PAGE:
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Old 11-14-2010, 06:44 AM   #6
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Most UV rays are in a spectrum we can not see so Im not sure how that would affect the color of the coral since color is just the color of light reflected off of an object.
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Old 11-14-2010, 10:25 AM   #7
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i was under the impression UV rays were bad for everything. this is why we shield our eyes, and our corals from them. all of your mogul halide lamps have UV shields and HQIs have a flat piece of glass that goes between the bulb and everything else. plants develop pigments to shield themselves from it.
also, it's my understanding that UV rays are not used in photosynthesis. only visible light rays are used.
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Old 11-14-2010, 11:17 AM   #8
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From LiveAquaria...


Color change due to UV light
In nature, ultraviolet light waves (UV-A and UV-B) penetrate the ocean's surface but are filtered out as the light travels through the water. Both UV-A and UV-B light waves have been found to cause destruction of DNA and RNA within coral tissue. In response, many corals have made adaptations to reduce the effects of these harmful rays. These corals developed protective pigments that are often blue, purple, or pink in color. Most corals that contain these pigments come from shallow waters where the amount of UV-A and UV-B light is higher than in deeper areas of the reef.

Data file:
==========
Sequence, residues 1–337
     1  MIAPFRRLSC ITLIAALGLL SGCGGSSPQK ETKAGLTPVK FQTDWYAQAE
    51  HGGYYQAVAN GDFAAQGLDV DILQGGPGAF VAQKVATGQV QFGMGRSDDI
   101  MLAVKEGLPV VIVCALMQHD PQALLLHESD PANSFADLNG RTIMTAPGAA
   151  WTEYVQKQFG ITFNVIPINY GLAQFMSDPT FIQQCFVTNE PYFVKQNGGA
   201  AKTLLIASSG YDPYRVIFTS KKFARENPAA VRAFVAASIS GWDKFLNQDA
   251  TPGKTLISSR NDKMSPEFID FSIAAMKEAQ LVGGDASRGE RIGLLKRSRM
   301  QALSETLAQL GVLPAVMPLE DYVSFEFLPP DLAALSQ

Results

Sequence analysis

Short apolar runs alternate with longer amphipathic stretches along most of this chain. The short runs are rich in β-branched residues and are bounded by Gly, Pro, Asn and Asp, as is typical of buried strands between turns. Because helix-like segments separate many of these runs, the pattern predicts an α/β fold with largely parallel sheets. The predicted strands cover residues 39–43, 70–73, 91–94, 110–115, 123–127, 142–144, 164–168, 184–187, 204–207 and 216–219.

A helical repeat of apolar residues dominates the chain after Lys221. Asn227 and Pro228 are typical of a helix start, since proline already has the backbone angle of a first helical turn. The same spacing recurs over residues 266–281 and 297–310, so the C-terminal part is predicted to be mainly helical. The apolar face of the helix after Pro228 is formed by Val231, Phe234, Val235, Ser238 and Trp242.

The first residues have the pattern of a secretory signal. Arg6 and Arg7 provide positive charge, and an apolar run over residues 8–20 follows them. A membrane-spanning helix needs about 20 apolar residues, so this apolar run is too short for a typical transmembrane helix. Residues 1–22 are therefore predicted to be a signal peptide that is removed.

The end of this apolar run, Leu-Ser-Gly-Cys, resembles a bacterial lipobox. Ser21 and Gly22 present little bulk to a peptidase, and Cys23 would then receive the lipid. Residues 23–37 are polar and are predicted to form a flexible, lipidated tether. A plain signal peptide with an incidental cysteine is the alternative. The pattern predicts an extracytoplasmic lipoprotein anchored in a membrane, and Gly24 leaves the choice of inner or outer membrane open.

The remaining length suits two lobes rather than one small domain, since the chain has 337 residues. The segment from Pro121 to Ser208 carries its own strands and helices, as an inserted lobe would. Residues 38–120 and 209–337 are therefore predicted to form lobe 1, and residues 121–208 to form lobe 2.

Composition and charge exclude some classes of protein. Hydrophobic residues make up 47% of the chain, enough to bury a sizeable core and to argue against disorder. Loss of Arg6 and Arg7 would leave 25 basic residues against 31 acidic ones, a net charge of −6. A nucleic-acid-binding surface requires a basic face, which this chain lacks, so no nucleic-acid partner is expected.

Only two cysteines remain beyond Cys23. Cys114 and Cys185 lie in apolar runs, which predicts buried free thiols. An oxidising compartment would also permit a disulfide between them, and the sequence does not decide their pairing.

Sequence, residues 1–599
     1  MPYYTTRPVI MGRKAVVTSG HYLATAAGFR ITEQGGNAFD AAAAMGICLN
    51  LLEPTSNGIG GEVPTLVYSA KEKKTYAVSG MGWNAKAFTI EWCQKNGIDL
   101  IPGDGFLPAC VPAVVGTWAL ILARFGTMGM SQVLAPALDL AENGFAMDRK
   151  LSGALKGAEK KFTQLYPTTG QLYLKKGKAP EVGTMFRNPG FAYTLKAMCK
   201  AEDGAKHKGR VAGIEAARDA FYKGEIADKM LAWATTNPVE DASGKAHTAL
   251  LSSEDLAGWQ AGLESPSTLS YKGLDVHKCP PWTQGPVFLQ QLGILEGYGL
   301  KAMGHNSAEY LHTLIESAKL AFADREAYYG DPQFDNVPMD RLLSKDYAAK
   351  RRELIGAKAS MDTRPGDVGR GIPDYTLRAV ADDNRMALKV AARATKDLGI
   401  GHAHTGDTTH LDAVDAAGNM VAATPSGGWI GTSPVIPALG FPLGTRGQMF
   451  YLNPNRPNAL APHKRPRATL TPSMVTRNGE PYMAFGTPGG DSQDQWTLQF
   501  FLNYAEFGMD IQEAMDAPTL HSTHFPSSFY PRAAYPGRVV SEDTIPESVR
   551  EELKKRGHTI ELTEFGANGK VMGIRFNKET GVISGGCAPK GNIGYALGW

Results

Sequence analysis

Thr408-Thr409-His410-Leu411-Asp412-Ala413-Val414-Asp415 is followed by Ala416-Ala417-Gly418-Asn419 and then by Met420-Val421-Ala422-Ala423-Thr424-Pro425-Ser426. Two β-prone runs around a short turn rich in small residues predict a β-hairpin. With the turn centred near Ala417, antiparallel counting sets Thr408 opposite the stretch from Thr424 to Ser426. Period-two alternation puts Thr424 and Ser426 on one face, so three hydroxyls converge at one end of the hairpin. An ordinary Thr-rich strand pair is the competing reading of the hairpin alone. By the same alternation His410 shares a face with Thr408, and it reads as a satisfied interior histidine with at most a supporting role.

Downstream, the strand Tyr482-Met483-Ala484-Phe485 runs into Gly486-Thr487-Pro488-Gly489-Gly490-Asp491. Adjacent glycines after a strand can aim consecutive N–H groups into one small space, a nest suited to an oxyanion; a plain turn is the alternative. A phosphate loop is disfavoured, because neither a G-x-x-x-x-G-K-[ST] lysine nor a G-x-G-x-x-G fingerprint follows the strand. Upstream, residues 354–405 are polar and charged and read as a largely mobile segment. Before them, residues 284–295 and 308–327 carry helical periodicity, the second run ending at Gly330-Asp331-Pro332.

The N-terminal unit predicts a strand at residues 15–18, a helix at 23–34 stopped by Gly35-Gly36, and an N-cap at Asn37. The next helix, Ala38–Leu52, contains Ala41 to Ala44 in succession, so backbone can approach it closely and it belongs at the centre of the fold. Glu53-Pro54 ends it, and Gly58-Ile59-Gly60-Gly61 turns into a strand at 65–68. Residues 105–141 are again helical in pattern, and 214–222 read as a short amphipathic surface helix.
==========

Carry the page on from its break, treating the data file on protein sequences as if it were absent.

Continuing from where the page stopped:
In home reef aquariums that rely on metal halide lighting, it is important to protect corals from UV light. Coral without these protective pigments as well as shallow water corals that may have lost their pigments during transportation are especially susceptible to the effects of UV light.
...It is not uncommon for corals with these bright colors to adjust to the lower UV-A and UV-B conditions found within home aquariums. The loss of colorful pigmentation is not necessarily a sign of an unhealthy coral - it is simply a normal coral adjusting to its new environment.

And from Science Now...
Coral Reefs Act Like Sunscreen
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Old 11-14-2010, 04:19 PM   #9
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So what can we do in our home Aquraium to prevent our corals from loosing it's color pigment? It seems that alot of corals lose their color after we buy them from the LFS. I have heard the statement saying it's because our light level is diffenent from the LFS. Is that the case or are they loosing their UV protection? If they are loosing their UV protection then we, home aquarium keeper, should find a way to add some UV to our lights that shine into our AQ. This may be very hard since we do not know at what depth our corals came from.
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Old 11-14-2010, 06:06 PM   #10
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i truly think that we have more light on these corals than they get in the wild. anyone that has ever went on a dive out at any reef will attest to the fact that it's not nearly as bright 25-30 feet under sea water as it is under our lighting at 24".
this is why people "discover" corals that are not divers. the collectors collect them as somewhat colored or even browned corals, and bring them to the wholesalers who sell them and so on...until the guy with the right lighting gets them and colors them up.